science of us

Soon I Will Be Vindicated for Not Washing My Face for Years

Photo: LisaValder/Getty Images

I never wanted this Bloomberg Businessweek story about the microbe-friendly body-care industry to end, although I also did want it to end so I could again wonder and google freely about buying some healthy-bacteria-boosting probiotics and microbe sprays. (I won’t just yet.) Writer Caroline Winter touches on the studies that “have some scientists fearing that people, especially in the West, are cleaning themselves sick.”

But Winter’s story largely covers the way big brands, like L’Oréal and the makers of Raid (also Unilever and Clorox), are eyeing the microbe-friendly world of bacteria-preserving or microbiome-enhancing sprays and beauty products — the ones aimed, ostensibly, at maintaining “good” bacteria on the skin and beyond. She includes colorful details about the unusual founder of the company AOBiome, who at one point was sleeping in a plastic bag to test the way things reacted to his skin (poorly).

I bought a kit of AOBiome microbe-friendly bacteria sprays and washes in 2015 when I was lonely and eager to overhaul my skin-care approach. I’d been compelled by a 2014 New York Times Magazine story about going without soap and allowing yourself to become greasy before getting naturally clean, which the Businessweek story also references. As the Times Magazine’s Julia Scott memorably wrote of not using soap or shampoo, “For the first time ever, my pores seemed to shrink. As I took my morning ‘shower’ — a three-minute rinse in a bathroom devoid of hygiene products — I remembered all the antibiotics I took as a teenager to quell my acne. How funny it would be if adding bacteria were the answer all along.”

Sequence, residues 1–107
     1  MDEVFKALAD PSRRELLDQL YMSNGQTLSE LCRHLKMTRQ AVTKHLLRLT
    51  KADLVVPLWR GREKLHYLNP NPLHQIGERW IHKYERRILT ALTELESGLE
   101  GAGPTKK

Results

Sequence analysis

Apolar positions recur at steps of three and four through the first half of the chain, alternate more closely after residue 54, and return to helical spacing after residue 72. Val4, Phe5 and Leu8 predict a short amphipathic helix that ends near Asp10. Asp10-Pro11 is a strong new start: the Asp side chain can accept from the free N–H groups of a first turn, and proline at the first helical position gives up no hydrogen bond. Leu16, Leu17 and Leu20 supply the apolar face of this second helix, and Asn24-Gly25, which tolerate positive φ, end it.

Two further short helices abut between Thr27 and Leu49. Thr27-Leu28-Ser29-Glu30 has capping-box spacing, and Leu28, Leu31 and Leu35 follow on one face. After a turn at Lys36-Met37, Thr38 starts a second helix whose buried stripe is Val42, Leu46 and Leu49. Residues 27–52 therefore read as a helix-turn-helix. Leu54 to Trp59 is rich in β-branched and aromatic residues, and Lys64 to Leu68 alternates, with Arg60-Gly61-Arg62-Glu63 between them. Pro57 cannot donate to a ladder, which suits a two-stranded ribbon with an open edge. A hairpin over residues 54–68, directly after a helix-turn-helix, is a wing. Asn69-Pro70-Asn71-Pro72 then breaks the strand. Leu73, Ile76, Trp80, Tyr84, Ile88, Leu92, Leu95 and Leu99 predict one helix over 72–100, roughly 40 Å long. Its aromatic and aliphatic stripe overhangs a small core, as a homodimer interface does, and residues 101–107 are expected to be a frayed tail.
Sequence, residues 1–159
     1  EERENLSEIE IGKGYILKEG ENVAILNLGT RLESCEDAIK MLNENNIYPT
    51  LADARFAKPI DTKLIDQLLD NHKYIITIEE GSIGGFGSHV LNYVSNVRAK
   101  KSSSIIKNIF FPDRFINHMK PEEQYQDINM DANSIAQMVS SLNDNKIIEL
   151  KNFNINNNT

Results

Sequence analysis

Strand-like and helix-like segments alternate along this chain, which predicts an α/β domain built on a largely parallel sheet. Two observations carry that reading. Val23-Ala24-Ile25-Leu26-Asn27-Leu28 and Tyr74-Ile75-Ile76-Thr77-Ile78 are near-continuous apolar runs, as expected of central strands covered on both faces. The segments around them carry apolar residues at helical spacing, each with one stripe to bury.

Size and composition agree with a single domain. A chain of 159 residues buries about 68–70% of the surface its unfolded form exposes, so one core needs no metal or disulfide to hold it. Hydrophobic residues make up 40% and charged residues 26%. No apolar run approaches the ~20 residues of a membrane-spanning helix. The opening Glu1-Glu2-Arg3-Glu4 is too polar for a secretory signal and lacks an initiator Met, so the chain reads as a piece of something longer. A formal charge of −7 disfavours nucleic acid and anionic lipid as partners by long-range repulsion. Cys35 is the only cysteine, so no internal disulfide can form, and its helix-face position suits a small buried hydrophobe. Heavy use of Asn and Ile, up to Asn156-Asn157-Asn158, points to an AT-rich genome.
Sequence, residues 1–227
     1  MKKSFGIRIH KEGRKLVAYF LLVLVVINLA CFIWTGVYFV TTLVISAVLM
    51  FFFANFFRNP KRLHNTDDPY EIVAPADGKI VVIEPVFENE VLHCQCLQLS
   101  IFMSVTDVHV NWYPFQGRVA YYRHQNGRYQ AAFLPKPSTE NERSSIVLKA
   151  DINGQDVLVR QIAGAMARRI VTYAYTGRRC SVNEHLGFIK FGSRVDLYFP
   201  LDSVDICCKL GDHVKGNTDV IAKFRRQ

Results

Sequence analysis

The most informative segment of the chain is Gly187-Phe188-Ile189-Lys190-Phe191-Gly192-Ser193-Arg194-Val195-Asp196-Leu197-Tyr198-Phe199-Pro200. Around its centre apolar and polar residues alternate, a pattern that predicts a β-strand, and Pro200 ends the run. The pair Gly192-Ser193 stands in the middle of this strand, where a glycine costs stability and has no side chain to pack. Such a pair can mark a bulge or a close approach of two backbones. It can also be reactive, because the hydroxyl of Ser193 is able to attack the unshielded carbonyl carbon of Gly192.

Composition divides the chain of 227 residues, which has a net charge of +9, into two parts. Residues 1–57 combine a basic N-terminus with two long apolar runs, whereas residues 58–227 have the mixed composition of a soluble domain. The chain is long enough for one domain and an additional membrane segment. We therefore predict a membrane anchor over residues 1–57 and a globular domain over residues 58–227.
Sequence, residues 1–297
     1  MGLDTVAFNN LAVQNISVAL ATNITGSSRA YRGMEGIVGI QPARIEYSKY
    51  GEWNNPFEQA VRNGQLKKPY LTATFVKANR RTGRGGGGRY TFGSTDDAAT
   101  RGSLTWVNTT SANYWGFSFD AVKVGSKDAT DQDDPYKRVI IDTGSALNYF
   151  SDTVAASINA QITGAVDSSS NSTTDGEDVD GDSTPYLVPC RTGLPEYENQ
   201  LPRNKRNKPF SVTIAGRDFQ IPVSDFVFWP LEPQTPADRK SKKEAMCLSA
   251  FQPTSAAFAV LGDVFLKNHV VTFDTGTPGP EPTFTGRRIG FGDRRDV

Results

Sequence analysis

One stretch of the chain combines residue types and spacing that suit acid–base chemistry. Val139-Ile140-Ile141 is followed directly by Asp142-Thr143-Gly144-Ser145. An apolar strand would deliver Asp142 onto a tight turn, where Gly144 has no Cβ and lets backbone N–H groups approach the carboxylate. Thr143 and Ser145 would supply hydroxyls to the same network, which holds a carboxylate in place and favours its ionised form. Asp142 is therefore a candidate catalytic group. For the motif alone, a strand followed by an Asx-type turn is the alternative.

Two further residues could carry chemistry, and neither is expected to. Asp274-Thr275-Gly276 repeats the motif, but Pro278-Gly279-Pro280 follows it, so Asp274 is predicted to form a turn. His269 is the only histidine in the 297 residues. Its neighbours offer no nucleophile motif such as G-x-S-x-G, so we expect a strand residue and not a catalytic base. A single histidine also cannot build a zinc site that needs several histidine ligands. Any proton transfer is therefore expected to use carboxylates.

I used the face/body spray and the shampoo for a few weeks before tapering off, forgetting about them, and eventually throwing them away. I’d hoped they would be the missing link toward having the skin I’d always dreamed of (and still always dream of), and it was disappointing that nothing happened immediately, though I probably should have stuck with them longer.

But the Businessweek story makes me think I’m being just as well served by the other habit I picked up around same time: washing my face only with water. I wrote about it a couple of months ago, and in the spirit of full disclosure I’ll add that I’ve started using a face oil at night and some eyeliner but still no soap or face wash beyond water. I’m telling you, it’s not gross. Results may vary.

Soon I Will Be Vindicated for Not Washing My Face for Years